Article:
Wednesday, June 22, 2016

A SNAKE TALE

I do not like snakes, and, if I had to guess, you feel the exact same way. Snakes, however, are part of my life--we live in the woods. Generally, the woods come with all types of creepy-crawly, leggy, biting, flying, stinging, scary creatures. But on the top of the list of scary around here are the snakes. I've encountered the evil, squirmy little devils on my son's window seal, the driveway, once even in our carport by the back door. Oh, and let's not forget the Saturday morning I was on my hands and knees pulling weeds from the flower bed and a shinny green one stuck his head out of an azalea bush six inches from my face. Then, there was an encounter just last week with not one, but two snakes as my husband and I were taking an evening walk.

But thankfully, I've never had the terrible, life-threatening experience my grandmother had with a deadly copperhead snake.

(I talked briefly about her here when I shared her beauty secret.)

She was working in her flower bed on a typical sunny, summer afternoon pulling weeds without gloves. She felt a prick and assumed it was a thorn or stick or just something in the bed. Without thinking too much of it, she continued her chore. Unfortunately for her, this time when she reached down for the weeds and felt a second prick, she also saw what delivered it--a snake. Blood was flowing from the two holes, so there was no doubt what had happened.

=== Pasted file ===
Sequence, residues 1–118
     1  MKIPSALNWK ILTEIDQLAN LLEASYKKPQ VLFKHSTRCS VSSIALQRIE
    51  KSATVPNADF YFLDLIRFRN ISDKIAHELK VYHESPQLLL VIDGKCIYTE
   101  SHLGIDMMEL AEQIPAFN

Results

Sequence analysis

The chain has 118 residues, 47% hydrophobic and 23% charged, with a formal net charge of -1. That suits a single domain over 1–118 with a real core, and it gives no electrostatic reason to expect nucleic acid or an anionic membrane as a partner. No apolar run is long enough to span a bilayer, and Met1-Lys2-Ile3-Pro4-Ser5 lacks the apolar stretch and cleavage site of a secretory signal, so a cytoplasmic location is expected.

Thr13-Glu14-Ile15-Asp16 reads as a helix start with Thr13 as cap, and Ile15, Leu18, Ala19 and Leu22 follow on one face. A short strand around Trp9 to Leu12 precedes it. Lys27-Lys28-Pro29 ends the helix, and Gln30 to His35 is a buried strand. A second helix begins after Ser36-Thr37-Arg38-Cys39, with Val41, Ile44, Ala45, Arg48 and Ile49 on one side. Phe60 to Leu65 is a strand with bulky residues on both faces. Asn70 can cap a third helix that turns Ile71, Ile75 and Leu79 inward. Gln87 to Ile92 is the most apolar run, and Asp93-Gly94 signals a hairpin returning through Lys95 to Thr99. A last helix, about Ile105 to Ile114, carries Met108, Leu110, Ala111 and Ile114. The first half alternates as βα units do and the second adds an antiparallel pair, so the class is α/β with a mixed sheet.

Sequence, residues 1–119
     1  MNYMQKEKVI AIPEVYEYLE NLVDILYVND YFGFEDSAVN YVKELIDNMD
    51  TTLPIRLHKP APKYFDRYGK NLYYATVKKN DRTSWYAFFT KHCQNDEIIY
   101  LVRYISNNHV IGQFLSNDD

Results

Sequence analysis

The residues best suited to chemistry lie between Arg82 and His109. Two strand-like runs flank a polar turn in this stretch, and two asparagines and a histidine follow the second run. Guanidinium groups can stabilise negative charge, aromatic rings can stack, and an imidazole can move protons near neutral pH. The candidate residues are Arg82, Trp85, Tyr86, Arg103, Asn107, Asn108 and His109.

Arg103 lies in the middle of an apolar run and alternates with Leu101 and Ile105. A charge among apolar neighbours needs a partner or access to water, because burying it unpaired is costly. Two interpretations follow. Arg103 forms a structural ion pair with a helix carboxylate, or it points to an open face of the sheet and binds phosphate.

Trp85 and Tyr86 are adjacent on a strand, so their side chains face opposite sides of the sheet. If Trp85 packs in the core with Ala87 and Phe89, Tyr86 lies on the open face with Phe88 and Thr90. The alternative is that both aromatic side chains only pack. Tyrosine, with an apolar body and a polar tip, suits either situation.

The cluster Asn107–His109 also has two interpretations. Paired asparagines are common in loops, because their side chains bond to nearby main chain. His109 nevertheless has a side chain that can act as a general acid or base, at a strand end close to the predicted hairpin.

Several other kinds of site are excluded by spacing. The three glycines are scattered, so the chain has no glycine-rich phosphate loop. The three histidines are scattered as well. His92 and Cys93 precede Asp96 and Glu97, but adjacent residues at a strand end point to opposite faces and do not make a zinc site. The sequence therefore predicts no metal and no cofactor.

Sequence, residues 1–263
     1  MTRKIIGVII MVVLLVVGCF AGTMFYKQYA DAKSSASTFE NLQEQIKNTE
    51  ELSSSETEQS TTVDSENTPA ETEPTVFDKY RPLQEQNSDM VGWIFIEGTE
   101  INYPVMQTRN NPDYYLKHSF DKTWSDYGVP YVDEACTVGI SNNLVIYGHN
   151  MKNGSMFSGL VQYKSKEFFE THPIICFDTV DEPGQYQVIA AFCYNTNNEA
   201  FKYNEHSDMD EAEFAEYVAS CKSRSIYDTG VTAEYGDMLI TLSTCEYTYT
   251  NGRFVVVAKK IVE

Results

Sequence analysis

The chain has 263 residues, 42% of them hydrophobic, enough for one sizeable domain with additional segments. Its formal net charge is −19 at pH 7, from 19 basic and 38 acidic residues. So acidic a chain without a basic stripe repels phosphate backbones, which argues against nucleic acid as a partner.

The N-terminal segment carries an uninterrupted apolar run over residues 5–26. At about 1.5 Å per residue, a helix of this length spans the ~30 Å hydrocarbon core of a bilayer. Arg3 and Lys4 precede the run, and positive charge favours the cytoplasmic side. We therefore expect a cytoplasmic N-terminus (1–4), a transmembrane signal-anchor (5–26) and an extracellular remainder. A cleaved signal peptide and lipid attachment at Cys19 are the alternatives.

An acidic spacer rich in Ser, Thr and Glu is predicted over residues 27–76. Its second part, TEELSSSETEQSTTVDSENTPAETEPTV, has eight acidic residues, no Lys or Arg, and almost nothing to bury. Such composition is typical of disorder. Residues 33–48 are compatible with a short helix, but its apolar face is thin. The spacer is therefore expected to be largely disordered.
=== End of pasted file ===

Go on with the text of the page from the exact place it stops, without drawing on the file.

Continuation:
She made her way into the kitchen and called 911. I remember her saying that in that moment, waiting on the ambulance, she felt like she was probably going to die. When my mom phoned to let me know what was going on, I remember thinking, "Surely she has not lived to celebrate her 90th birthday only to be taken down by a snake?"

You can see the bite marks in the center of her red, swelling hand. I didn't have any experience with snake bites, so my first question was, "What's up with all those black lines?"


The lines mark the spread of the poison. 9:45, 10:08, and so on. It's hard to see in the photo, but her arm turned red as the poison traveled. Before it was all said and done, the lines went all the way to her shoulder.


She spent two days in the ICU and three more days in the hospital. Poison Control worked closely with her care takers, and following their instructions, she was administered seven bags of antivenom at an average cost of $12,000 a bag. (Can you believe that?).

It took some months for her arm and hand to completely recover, but they did. I talked to her this afternoon to double check a few facts. She had been working in her yard... :-)

Celebrating her 90th birthday.

This summer she will celebrate another birthday. This time she'll be 92.

What about you? Do you have a snake tale to tell?

Kathryn

No comments:

Post a Comment